With a length of just 3.65 metres (without spare wheel it’s only 3.48 metres) and a wheelbase of 2.25 metres, the fourth-generation Jimny stays at pretty much the same level as its predecessor. Details like a kind of rain gutter around the roof (again from the G-Class with love) or individually exchangeable headlights and turn signals show quite well the attitude of this car. It remains a workhorse for professionals and price-conscious off-roaders. The increase in slope and ramp angles as well as 15 mm more ground clearance provide even more cross-country competence. The total is now 210 mm – more than respectable.
What about the engine?
If you expected a modern three-cylinder turbo or something similar, then this mini G-Class will once again surprise you. The power unit is, in fact, a new 1.5-litre naturally-aspirated petrol engine. Because of engineering witchcraft, it’s smaller and about 14 kg lighter than the old Jimny’s 1.3-litre engine, but delivers 18 bhp and 15 lb-ft more, bringing the total to 100 bhp and 95 lb-ft.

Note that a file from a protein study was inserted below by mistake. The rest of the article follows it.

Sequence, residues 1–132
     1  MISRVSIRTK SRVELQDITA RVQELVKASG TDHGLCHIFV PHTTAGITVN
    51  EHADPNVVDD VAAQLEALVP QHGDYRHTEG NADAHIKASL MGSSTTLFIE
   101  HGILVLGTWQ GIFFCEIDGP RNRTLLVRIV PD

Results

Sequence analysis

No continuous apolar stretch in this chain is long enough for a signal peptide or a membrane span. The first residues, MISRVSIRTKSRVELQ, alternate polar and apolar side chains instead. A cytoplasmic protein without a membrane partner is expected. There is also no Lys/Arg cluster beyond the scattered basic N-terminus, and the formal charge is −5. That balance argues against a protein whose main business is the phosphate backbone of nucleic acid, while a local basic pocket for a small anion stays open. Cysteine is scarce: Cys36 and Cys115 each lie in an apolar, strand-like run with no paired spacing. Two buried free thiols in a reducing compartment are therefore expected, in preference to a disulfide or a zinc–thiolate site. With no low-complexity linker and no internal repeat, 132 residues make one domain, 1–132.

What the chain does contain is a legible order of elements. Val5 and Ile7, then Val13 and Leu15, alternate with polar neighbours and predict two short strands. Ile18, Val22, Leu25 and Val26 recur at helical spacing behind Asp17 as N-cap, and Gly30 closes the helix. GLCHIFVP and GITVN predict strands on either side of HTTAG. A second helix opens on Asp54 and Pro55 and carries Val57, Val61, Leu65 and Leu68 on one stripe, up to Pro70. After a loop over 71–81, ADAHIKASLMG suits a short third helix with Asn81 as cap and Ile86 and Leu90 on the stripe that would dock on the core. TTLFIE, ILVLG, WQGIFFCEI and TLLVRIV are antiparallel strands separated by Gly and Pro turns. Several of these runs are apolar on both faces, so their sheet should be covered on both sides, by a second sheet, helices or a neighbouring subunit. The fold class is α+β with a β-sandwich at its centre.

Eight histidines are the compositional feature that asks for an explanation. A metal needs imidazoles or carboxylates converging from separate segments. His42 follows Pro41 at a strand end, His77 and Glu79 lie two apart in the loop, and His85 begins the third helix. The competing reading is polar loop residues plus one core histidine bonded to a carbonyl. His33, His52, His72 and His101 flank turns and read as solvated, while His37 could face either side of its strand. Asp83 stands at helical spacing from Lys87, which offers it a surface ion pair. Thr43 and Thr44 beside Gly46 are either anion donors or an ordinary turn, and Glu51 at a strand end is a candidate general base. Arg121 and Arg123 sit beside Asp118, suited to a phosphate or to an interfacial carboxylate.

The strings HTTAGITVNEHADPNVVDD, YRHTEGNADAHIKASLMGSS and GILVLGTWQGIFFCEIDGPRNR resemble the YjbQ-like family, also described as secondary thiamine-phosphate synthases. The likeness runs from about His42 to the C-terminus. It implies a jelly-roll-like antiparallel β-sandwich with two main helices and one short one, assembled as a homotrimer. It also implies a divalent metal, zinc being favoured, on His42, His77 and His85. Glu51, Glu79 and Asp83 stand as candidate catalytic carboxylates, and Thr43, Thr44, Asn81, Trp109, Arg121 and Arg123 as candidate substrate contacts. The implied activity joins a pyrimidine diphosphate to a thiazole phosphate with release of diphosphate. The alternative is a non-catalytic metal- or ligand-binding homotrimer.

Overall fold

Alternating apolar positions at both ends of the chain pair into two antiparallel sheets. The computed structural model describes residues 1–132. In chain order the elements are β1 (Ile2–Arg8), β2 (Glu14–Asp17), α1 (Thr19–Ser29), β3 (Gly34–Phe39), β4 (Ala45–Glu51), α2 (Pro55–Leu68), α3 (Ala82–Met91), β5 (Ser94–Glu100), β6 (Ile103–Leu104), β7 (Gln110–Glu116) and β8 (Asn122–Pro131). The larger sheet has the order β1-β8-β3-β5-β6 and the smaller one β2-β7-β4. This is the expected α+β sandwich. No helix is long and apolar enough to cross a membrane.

Why not a smaller, turbocharged engine that could score more torque off-road? Well, for simplicity, of course. It’s a workhorse that has to function all over the world, no matter how thin the air or how bad the fuel. The new 1.5 petrol is simple, robust and frugal. And that’s all it has to be. A five-speed manual transmission is standard, a more rustic four-speed automatic is available for an extra charge. Suzuki says it’s capable of 90 mph, but it doesn’t quote a 0-62 mph time.